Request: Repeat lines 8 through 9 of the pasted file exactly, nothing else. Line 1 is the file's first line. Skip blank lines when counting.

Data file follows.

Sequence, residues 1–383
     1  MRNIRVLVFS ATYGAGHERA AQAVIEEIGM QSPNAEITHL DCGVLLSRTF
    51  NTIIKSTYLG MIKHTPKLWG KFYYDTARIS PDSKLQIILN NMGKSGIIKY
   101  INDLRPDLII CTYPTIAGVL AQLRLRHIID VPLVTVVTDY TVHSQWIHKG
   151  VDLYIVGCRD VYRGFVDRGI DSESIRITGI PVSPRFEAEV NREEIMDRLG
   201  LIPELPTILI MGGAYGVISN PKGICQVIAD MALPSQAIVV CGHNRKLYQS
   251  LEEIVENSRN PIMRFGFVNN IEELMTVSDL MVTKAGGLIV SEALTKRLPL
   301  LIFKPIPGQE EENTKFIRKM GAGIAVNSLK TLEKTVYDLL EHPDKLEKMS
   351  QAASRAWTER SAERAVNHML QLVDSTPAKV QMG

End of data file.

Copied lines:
   301  LIFKPIPGQE EENTKFIRKM GAGIAVNSLK TLEKTVYDLL EHPDKLEKMS
   351  QAASRAWTER SAERAVNHML QLVDSTPAKV QMG